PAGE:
The Index of Microcirculatory Resistance After Primary PCI: A Pooled Analysis of Individual Patient Data
El Farissi M., Zimmermann FM., De Maria GL., van Royen N., van Leeuwen MAH., Carrick D., Carberry J., Wijnbergen IF., Konijnenberg LSF., Hoole SP., Marin F., Fineschi M., Pijls NHJ., Oldroyd KG., Banning AP., Berry C., Fearon WF.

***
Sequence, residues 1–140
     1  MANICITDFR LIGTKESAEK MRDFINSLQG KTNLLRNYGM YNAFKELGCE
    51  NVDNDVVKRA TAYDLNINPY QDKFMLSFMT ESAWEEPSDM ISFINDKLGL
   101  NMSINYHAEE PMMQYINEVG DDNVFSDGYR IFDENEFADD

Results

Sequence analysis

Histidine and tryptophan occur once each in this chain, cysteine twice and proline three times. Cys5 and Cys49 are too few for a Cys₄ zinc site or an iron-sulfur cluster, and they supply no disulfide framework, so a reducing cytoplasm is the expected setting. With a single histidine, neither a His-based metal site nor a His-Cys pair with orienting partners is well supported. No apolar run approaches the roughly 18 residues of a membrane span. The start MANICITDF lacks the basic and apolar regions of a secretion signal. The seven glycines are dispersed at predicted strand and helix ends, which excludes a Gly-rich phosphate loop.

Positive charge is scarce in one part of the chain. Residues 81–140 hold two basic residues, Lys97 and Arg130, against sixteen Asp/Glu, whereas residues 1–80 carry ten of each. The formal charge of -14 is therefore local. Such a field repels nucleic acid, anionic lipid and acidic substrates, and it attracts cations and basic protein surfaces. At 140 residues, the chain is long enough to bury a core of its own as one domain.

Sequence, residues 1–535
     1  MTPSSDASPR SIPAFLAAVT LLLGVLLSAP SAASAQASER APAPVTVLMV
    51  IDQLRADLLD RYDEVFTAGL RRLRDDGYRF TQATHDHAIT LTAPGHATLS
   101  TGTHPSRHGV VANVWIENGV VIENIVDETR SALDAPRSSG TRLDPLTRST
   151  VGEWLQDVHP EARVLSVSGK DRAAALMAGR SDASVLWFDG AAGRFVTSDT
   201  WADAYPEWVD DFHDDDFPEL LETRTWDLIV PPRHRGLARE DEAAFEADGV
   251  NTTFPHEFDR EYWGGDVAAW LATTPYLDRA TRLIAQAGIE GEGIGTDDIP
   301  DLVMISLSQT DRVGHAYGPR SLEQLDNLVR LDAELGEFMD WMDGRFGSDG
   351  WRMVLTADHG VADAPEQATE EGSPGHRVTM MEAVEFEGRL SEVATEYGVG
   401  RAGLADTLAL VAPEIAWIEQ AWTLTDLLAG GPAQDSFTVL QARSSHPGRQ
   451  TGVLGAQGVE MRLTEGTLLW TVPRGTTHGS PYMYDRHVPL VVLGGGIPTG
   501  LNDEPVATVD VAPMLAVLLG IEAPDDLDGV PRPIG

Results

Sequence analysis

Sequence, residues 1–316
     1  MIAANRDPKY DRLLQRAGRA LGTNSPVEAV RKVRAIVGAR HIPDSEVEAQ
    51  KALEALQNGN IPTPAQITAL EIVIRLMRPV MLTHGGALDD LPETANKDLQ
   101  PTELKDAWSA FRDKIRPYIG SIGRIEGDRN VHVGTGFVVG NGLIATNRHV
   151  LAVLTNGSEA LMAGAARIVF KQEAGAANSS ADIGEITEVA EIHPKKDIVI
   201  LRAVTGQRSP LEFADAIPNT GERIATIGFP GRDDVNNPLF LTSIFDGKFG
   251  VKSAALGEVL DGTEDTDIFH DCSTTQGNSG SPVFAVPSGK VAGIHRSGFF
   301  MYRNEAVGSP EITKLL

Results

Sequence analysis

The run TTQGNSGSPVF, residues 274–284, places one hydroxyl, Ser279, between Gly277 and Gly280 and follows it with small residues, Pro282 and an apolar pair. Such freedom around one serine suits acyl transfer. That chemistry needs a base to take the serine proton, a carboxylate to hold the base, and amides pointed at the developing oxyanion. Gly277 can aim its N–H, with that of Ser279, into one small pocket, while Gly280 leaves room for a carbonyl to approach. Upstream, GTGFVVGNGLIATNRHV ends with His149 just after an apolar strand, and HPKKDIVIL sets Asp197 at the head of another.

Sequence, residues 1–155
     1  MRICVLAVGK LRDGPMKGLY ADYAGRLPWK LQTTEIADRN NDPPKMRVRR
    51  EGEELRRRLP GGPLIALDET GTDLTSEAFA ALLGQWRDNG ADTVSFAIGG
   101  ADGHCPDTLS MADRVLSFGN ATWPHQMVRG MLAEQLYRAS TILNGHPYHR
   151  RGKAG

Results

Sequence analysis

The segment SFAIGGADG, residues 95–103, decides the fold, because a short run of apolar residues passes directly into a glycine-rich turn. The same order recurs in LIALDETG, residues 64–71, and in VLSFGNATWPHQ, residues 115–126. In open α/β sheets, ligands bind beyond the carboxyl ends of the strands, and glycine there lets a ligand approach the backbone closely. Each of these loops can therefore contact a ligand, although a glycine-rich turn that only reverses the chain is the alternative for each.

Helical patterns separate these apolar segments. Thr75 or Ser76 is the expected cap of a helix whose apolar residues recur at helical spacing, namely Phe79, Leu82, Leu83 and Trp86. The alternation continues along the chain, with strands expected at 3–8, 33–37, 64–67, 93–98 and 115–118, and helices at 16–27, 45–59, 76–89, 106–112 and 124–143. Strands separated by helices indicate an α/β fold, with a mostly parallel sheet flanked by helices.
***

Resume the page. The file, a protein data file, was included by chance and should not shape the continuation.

Background: Despite treatment with primary percutaneous coronary intervention (PCI) in patients with ST-segment elevation myocardial infarction (STEMI), the risk of heart failure and late death remains high. Microvascular dysfunction, as assessed by the index of microcirculatory resistance (IMR), after primary PCI for STEMI has been associated with worse outcomes. It is unclear whether IMR after primary PCI predicts cardiac death. Objectives: The aims of this analysis were: 1) to determine if IMR is an independent predictor of cardiac death; 2) to assess the optimal cutoff value of IMR after STEMI; and 3) to compare IMR with several cardiac magnetic resonance parameters, including infarct size. Methods: In a collaborative, pooled analysis of individual patient data from 6 cohorts that measured IMR directly after primary PCI, cardiac mortality up to 5 years was estimated using Kaplan-Meier analyses. The primary endpoint was cardiac death using the predefined IMR cutoff value of 40. Results: In total, 1,265 patients were included in this study with a median follow-up of 2.8 years (IQR: 1.2-5.0 years). Cardiac death at 5 years occurred in 2.2% and 4.9% of patients (HR: 2.81; 95% CI: 1.34-5.88; P = 0.006) in the IMR ≤40 and IMR >40 groups, respectively. The composite of cardiac death or hospitalization for heart failure occurred in 4.9% and 8.9% (HR: 1.98; 95% CI: 1.20-3.29; P = 0.008) in the IMR ≤40 and IMR >40 groups, respectively. IMR was an independent predictor of cardiac death, whereas coronary flow reserve was not. The optimal cutoff value of IMR for the prediction of cardiac death in this cohort was 70 (HR: 4.73; 95% CI: 2.27-9.83; P < 0.001). Infarct size was 17.6% ± 13.3% and 23.9% ± 14.6% of the left ventricular mass in the IMR ≤40 and IMR >40 groups, respectively (P < 0.001). Microvascular obstruction and intramyocardial hemorrhage occurred more frequently in the IMR >40 group than in the IMR ≤40 group. Conclusions: In this large, pooled analysis of individual patient data, IMR measured directly after primary PCI in STEMI was an independent predictor of cardiac death. IMR may be used as a tool to identify patients at the time of primary PCI who are at highest risk for late cardiac mortality and who might benefit most from additional cardioprotective therapies and monitoring.